With militia groups in Africa suspected of arming themselves through the illegal ivory trade, elephant poaching is not only causing concern among conservationists, it is also a security problem.
There is an uneasy calm in Cameroon’s Bouba Ndjida National Park. Military helicopters and hundred of soldiers have been deployed to protect the park and its animals following a bloody incursion into the park last winter during which poachers killed some 300 elephants for their ivory .
Army spokesperson Colonel Didier Badjeck told DW they have been carrying out air and land patrols in the course of which they seized ten horses, quantities of war munitions and 88 elephant tusks, which have subsequently been handed over to the Ministry for Forestry and Wildlife.
Conservationists say it would be economic sabotage not to stop elephant killings because tourism will suffer
The soldiers say they have been working together with the population to obtain information about the whereabouts of the poachers, but most local people appear to have left the area.
Local chief Ousmaila Toukour said the soldiers had not told him the reason for their presence, but he had heard that they had come to protect the elephants.He also told DW correspondent Moki Kindzeka that the military’s presence had had some impact. “Many people came here with war weapons to kill elephants. Now they no longer come,” he said.
Source of funding for armed groups
In a report to the UN Security Council last month, Secretary General Ban Ki-moon said elephant poaching was a growing security concern, particularly in Cameroon, the Central African Republic (CAR), Chad and Gabon.
The UN suspects Joseph Kony may be funding his Lord’s Resistance Army through the sale of ivory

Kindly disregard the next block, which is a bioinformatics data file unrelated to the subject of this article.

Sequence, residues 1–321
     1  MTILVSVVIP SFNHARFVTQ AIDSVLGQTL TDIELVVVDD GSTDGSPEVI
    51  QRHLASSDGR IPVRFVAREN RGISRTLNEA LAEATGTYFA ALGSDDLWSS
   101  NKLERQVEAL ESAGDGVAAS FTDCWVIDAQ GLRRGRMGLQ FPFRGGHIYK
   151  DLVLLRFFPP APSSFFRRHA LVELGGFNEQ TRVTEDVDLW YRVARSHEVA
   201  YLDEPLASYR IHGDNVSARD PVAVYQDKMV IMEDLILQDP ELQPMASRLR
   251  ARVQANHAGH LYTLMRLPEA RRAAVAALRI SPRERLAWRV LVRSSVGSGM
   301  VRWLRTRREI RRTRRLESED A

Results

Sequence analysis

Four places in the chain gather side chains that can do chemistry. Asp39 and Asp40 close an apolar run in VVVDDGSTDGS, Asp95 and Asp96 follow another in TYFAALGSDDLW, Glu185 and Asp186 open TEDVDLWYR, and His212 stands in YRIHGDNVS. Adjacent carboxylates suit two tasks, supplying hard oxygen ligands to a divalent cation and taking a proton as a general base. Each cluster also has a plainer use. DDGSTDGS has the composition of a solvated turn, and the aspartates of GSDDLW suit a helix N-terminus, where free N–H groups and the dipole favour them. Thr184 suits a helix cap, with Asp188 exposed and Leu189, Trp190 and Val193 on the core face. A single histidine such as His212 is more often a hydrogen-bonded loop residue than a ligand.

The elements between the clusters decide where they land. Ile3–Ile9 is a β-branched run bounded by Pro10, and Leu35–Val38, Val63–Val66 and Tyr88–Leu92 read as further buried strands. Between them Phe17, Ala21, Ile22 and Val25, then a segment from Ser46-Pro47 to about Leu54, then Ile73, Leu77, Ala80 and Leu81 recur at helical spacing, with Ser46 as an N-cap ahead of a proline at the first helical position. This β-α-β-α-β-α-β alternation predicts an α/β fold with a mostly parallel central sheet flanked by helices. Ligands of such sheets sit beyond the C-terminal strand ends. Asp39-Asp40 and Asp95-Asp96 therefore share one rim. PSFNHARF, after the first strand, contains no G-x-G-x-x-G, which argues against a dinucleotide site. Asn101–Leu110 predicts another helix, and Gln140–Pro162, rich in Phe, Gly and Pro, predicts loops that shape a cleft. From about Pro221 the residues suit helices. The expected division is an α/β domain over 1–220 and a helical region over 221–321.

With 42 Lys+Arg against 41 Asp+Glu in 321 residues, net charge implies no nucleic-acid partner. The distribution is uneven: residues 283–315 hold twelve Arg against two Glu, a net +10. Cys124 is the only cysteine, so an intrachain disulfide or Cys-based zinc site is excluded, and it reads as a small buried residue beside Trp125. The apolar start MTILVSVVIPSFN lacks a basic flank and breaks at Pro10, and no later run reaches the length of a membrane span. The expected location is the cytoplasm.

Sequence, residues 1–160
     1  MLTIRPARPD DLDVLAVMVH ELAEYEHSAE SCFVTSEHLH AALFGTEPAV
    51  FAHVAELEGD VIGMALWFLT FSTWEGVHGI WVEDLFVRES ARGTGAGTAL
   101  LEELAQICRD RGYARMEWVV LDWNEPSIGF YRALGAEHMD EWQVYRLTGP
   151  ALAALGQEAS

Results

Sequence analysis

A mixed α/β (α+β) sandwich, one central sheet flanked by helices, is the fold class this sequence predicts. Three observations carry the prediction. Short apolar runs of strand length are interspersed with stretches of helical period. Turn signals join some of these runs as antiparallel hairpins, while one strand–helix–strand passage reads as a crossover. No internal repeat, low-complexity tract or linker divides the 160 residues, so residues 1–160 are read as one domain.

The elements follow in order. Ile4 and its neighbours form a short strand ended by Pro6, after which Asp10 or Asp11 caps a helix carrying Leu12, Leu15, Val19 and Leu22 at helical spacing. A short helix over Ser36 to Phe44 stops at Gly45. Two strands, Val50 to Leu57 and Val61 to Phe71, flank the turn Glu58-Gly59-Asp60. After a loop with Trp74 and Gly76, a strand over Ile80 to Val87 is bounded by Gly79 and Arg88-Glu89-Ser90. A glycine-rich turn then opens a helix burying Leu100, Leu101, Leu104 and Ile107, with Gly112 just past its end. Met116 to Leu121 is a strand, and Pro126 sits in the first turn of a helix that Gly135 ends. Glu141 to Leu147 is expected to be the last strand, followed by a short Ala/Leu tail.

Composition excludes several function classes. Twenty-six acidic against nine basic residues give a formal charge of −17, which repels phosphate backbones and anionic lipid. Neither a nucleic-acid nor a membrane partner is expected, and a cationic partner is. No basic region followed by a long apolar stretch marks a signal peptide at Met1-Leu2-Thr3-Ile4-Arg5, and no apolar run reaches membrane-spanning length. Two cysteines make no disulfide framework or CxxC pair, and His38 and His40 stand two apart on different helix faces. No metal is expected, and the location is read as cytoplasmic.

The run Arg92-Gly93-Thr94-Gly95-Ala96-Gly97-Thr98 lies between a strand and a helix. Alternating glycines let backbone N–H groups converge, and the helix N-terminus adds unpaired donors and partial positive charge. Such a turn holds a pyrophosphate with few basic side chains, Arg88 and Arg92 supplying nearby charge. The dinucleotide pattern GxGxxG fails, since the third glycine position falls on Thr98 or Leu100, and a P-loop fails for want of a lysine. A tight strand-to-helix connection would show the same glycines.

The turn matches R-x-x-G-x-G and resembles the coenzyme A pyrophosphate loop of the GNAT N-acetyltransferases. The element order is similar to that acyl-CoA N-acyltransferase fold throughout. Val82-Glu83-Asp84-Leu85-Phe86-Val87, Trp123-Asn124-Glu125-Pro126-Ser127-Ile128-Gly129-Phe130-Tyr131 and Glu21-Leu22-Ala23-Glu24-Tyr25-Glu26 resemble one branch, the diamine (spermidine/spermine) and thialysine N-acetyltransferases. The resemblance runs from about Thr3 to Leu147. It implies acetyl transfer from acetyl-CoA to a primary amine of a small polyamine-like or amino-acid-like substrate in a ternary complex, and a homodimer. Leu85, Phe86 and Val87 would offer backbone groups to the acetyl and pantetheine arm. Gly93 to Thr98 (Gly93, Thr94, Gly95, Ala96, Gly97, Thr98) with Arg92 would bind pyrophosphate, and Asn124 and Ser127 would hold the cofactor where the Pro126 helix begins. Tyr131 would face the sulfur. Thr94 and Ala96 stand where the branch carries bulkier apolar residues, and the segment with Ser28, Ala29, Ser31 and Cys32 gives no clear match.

He said the illegal trade in ivory may be an important source of funding for armed groups including the Lord’s Resistance Army (LRA) of fugitive warlord Joseph Koney.
Ban said there was concern that poachers were using more and more sophisticated weapons which “might be originating from the fallout in Libya.”
Jules Caron from the World Wide Fund for Nature ( WWF) Central Africa section said elephant poaching has been reported in the north of the Democratic Republic of Congo. He also says the poachers have links to the Sudanese Janjaweed.
On Monday, a report issued by four watchdog organizations including the Enough Project and the Satellite Sentinel Project said the LRA had turned to elephant poaching “as a means to sustain itself” and the militia uses money from the illegal ivory trade to acquire food and other supplies.
In February Ugandan troops operating in the CAR discovered six elephant tusks believed to have been hidden in the bush by the LRA.
In Kenya one month earlier, an entire family of elephants – 11 adults and a calf – was slaughtered in the worst single incident of its kind to have occurred in the country since the 1980s, an event described as “an unimaginable, heinous crime” by the Kenyan Wildlife Service.
UN Secretary General Ban Ki-moon says elephant poaching is a “growing security concern”
The founder of an elephant orphanage in Kenya, Daphne Sheldrick, said she was seeing an upsurge in orphaned elephants because of the poaching crisis.
Robert Godec, the US ambassador to Kenya, fed bottles of synthetic milk to some of the baby elephants on Wednesday, June 5, World Environment Day.
The worry is that if African governments don’t adopt a zero tolerance policy to elephant poaching, the magnificent animals could become extinct one day.
By Mark Caldwell, Deutsche Welle, 6 June 2013
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